â€œAfter the vote, we want jobs. Corruption and crime are too much because people here are hungry,â€ says Nhlanhla â€œLuckyâ€ Msimang, who is waiting to vote at the Tsatsi Primary School in Zamdela.
He hasnâ€™t had a job since 2011, although his unemployment history is much longer than that because he was released from prison in 2011 after serving a 15-year sentence for unspecified â€œterrible thingsâ€.
It is a story repeated in municipalities across the length and breadth of South Africa. Research released just months before last yearâ€™s municipal polls showed that 60% of the countryâ€™s municipalities are in financial dire straits, with little hope of meeting the service delivery obligations suggested in party manifestos. The study, by financial ratings agency Ratings Afrika, cast aspersions on the financial sustainability of even the wealthiest municipalities, such as Tshwane and Johannesburg.
The worst-performing municipalities were found in the Free State and North West. Ratings Afrika said these had huge liquidity shortfalls and were probably commercially insolvent.
The political parties vying to take over the municipality this week have ideas about how to turn around the fortunes of the town. All have pleaded with voters to give them an unequivocal mandate, to avoid the instability and uncertainty of a coalition.
Likobo says the EFF will ensure local small and medium enterprises will be given land to eliminate one of the biggest costs stifling small businesses in the area — high rentals. The party also wants the four biggest employers in the municipality to build a skills centre to equip locals with the expertise required by industry and to fight unemployment.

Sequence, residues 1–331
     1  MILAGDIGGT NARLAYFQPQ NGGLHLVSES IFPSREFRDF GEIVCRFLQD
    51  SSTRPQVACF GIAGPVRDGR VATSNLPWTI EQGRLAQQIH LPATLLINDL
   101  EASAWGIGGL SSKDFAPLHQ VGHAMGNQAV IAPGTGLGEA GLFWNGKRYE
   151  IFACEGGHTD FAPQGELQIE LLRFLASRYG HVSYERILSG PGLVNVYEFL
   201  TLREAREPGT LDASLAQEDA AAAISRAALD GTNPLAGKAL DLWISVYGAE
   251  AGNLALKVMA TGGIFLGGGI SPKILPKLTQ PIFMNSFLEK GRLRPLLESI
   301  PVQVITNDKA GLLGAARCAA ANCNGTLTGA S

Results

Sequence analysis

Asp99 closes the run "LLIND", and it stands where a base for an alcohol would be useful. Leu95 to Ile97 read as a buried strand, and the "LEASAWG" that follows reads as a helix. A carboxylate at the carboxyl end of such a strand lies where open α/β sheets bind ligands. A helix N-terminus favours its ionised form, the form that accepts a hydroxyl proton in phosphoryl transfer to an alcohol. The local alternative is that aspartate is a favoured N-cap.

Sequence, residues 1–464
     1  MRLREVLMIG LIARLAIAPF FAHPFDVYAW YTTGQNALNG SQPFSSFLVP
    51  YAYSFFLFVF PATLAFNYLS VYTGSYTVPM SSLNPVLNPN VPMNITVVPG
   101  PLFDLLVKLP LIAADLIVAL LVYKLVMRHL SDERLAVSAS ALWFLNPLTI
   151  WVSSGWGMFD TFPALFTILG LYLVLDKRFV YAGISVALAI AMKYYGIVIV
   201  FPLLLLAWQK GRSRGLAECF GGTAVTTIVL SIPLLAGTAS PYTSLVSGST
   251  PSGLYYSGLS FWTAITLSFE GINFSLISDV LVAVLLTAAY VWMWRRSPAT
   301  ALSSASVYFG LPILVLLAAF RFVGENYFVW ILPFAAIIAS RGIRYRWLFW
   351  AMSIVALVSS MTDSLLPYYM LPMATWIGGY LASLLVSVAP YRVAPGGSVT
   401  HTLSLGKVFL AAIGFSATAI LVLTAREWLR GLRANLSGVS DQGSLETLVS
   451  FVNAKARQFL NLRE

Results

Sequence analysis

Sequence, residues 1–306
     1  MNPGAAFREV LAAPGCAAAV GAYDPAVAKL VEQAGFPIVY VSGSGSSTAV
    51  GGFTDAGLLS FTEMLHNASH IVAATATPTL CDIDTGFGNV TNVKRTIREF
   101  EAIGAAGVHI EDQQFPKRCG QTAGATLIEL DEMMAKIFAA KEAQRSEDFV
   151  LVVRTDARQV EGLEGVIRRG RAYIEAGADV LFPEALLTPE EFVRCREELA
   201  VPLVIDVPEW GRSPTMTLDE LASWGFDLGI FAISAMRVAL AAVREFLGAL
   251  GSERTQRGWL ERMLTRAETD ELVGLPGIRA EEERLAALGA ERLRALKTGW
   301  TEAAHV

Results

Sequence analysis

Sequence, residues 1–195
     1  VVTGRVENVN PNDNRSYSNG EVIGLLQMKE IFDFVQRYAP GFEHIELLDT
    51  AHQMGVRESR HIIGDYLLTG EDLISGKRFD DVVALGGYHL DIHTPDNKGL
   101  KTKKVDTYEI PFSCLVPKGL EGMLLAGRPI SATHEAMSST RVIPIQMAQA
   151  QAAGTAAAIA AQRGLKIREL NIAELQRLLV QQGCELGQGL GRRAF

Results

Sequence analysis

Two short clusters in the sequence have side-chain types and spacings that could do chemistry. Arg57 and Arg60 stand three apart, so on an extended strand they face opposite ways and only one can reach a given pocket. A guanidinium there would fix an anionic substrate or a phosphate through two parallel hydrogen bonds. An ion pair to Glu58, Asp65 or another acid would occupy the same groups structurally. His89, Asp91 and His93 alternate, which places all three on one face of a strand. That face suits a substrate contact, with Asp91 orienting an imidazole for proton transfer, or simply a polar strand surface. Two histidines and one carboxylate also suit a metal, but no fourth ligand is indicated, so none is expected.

The Democratic Alliance says it will focus on ending corruption and cronyism, which it sees as the largest flaw of the previous ANC administrations. The party also wants to focus on education and skills development, suggesting a local bursary scheme for youngsters, to deal with the areaâ€™s 60% youth unemployment rate.
The ANC is convinced that the collapse of the government is a direct result of its exclusion in 2016. The ruling party pulled out all the stops to persuade residents to give it an outright majority again.
Ward 13 candidate Fikile Mosokweni says the ANC is lobbying various government departments to place satellite offices in the municipality to deal with crisis areas, such as housing and health. And, like all the parties, youth education and improving peopleâ€™s skills are a big part of its plans for Metsimaholo.
The SACP wants to strengthen and support co-operatives. Giving public infrastructure development to locally owned co-operatives will ensure residents get jobs. The party believes that rejecting the tender system will also defeat corruption.
It is unlikely that any party will be given an outright mandate to pursue its manifesto, given the continued fracturing of politics at municipal level. But a municipality whose name marks it as â€œa place of great waterâ€ could use a stabilising bridge over its own troubled waters.